Insulating brick wall

The lower 2/3 of my house is brick vaner. It is uninsulated and unwraped. I am considering two possibilities.
1. Use electric chisil and remove top and bottom bricks from each cavity and blow in fiberglass. And replace with a contrasting brick.
2. Remove inside drywall (I can do drywall finishing) and put in vaporgard and then using metal stays install R-13 fiberglass and re sheet rock. I plan on doing complete re painting at the same time as either procedure.
What would be the most cost effective in the long run?
Louis
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How is the upper half of the wall insulated?
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Joseph E. Meehan

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#2 is the correct way, but the vapor barrier goes to the inside. Unless you need to re-rock anyway, you can also inject foam in each stud cavity from the inside, and just patch those holes.
I think you are mistaken about #1- if it is brick veneer, there is SOMETHING (probably celotex, plywood, or plank) between the brick and the studs. You DON'T want to fill up the space between the brick and the sheathing- brick is not waterproof, and the water in that space needs to be able to drain. Look at bottom course of brick- there should be weep holes, usually in the vertical mortar joints, every few feet. And while house may not have a modern vapor barrier, I'll bet there is 15 pound felt betwen the brick ties and the sheathing, which does make a pretty good water block, unless it is torn or rotted. Again, you don't want to puncture that barrier to get into the stud spaces. (Blowing insulation through masonary wall CAN be done, but it is a real PITA to do right. Almost always cheaper/easier to go through interior walls and patch them.)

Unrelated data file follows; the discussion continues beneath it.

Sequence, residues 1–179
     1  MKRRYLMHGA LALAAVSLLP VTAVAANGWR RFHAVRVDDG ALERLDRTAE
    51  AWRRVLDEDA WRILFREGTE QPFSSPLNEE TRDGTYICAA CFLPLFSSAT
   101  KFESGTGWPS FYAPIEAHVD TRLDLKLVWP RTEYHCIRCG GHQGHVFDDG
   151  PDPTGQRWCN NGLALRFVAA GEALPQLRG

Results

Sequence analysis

I'd open 1 stud cavity from inside (like inside a closet that butts up to outside wall), and find out what is REALLY going on, before I made expensive decisions. If you can followup with what year house was built, and what part of country, the folks on here can make a pretty educated guess as to what the wall construction details are.
aem sends...
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snipped-for-privacy@mindspring.com wrote:

The cavity behind the brick is only 1" max, and should be left vacant, while the wall cavity is 3.5", allowing for more insulation. You could drill 2" holes and blow in loose fill, rather than take down the sheetrock.
pb
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